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Partnerships in a Community of Learning: From the Head of Teaching and Learning, Maggi Gunn

10 February 2023

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“A community is a group of people who agree to grow together,” Simon Sinek


It has been a wonderful start to 2023, with students and staff returning to the College refreshed and eager to connect and learn. Parent Welcome (Primary) and Meet the Mentor (Secondary) evenings are valuable opportunities to connect with community and learning – and we appreciate the time and commitment of staff and parents in attending these evenings. As Week 4 ends, we hope that school and home schedules and routines are starting to settle for students, while a sense of belonging and an enthusiasm for learning is continuing to strengthen.

The phrase “it takes a village to raise a child” originates from an African proverb and is relevant as we strive as a St Andrew’s community to empower our students, from Prep through to Year 12, with an enduring curiosity for learning, a strong sense of self-efficacy, the capacity to achieve and flourish in their daily lives and the skills and capabilities to walk confidently into their futures.

Numerous studies identify that quality teaching is the most significant in-school factor affecting student achievement, and staff at St Andrew’s were fortunate to commence this year with a presentation by Jan Owen AM about preparing our young people to thrive in the new work order. Through 2023, staff will be continuing to cultivate a culture of thinking in our classrooms and focusing on refining and improving teaching practices based on existing and emerging research and evidence.

Another significant influence on student learning and growth is parental engagement and support. Completing a synthesis of factors affecting student achievement, Marzano (2000) concluded that one third of the variance in student achievement could be predicted by factors relating to students’ home environment. Interestingly, the kinds of parent engagement and behaviours that most influence students’ achievement might not be what you expect. In two separate meta-analyses (Fan & Chen, 2001; Jeynes, 2007), parental expectations and the consistency and regularity of communication supporting high academic aspirations was found to be significantly influential for student learning and achievement (surpassing the impact of monitoring homework or supervising free time).

Families have an important role in helping children to become confident and motivated learners. In encouraging and supporting your child/ren in their learning, it is important to share your high aspirations for their learning, encourage and develop in them an internal desire to learn, persist and strive for their personal best, and regularly share in the joy of learning. We encourage you to focus on the process of learning and growth, rather than on results and achievements alone, by helping students develop consistent study and reading habits, encouraging thinking, wondering and asking of questions, and regularly talking about school and learning with your child.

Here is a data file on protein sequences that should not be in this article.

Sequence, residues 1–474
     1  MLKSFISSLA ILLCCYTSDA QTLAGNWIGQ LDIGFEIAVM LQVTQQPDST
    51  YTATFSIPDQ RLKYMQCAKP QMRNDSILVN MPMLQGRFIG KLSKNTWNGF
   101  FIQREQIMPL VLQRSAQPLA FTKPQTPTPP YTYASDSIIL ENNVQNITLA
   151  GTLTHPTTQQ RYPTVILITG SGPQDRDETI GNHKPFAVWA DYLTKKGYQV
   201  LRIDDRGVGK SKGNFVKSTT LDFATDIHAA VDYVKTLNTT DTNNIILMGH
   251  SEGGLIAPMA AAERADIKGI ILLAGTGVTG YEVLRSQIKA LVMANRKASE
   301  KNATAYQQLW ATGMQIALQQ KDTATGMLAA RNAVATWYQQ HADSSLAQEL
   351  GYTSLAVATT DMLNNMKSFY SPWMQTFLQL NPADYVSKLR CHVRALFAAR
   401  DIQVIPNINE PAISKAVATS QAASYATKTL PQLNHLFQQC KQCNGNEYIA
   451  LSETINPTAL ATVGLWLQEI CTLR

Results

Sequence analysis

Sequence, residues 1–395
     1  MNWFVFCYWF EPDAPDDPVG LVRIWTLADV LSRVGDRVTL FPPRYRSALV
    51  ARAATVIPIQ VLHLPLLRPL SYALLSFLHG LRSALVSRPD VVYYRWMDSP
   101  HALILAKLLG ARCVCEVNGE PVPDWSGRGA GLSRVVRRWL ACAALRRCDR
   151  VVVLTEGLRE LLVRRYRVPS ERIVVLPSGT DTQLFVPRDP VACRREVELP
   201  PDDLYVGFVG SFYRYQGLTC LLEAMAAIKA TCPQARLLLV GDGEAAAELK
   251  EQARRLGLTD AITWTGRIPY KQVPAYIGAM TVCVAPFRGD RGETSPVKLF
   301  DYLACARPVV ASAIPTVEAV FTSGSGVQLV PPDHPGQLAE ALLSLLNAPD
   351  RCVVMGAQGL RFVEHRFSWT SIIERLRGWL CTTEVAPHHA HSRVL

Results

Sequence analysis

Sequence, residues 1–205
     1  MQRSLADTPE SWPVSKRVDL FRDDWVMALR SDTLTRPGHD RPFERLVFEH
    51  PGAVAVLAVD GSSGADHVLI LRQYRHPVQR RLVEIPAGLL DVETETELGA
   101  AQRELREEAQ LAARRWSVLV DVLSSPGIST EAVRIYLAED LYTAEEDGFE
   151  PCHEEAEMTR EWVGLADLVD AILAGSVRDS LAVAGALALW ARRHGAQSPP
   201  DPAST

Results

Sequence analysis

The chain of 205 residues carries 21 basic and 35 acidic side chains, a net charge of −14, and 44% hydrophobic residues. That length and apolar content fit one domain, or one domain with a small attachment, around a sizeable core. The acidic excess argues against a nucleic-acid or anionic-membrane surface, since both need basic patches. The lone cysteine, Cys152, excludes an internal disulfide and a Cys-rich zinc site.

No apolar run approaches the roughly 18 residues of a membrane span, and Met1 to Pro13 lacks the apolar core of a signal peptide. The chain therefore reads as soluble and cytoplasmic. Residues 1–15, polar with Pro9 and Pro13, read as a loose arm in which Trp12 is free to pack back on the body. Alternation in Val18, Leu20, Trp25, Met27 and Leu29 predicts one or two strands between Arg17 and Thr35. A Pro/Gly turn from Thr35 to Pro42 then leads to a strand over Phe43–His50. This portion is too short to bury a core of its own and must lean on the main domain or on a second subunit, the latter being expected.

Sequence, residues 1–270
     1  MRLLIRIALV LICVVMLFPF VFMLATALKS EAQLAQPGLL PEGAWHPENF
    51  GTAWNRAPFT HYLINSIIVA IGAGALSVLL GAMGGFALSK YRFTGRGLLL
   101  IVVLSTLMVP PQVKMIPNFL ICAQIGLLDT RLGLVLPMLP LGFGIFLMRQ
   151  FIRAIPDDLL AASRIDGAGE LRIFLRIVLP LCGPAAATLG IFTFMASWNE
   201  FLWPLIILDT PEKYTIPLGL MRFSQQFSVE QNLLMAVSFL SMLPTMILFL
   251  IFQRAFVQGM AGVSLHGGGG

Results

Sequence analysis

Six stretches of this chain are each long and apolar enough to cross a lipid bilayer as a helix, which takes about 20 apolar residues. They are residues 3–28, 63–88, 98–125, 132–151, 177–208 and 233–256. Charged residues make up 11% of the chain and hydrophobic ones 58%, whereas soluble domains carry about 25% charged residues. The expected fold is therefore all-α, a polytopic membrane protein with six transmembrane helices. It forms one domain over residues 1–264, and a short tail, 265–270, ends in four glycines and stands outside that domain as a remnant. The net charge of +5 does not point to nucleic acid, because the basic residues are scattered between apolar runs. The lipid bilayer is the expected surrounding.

Finally, as a parent, I understand the frustration in enquiring about the school day and being met with a younger child’s “I don’t know” or a more adolescent “fine”. Open-ended and specific questions will require children to think and should elicit more than a one-word response, so I leave you this week, with a variety of starter questions suitable for various ages that might provide some insight into your child’s learning:

What did you enjoy most about school today?

What did you learn today that you didn’t know before?

What was the most interesting new thing you learned today?

What was something that challenged you to think today?

What was something that puzzled you today?

What made you feel most proud of yourself today?

What subject/topic are you most interested in at the moment?

Of course, in a learning and caring community, a question for any day is, “What was the kindest thing you did for someone else today?”

References:

Fan, X., & Chen, M. (2001). Parental Involvement and students’ academic achievement: A meta-analysis. Educational Psychology Review , 13(1), 1-22.

Jeynes, W. H. (2007). The relationship between parental involvement and urban secondary student achievement: A meta-analysis. Urban Education , 42(1), 82-110.

Marzano, R.J. (2000). A new era of school reform: Going where the research takes us. Aurora, CO: Mid-continent Research for Education and Learning.

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Sunshine Coast Primary Independent District Swimming
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February 24, 2023

Our fantastic Junior swimmers were outstanding at the Sunshine Coast Independent Schools Carnival on Tuesday. There was some amazing swimming to finish a very close Runners up in the Overall Trophy - just 53 points behind Matthew Flinders. Importantly there was lots of success and enjoyment.

Congratulations to our Independent District Age Champions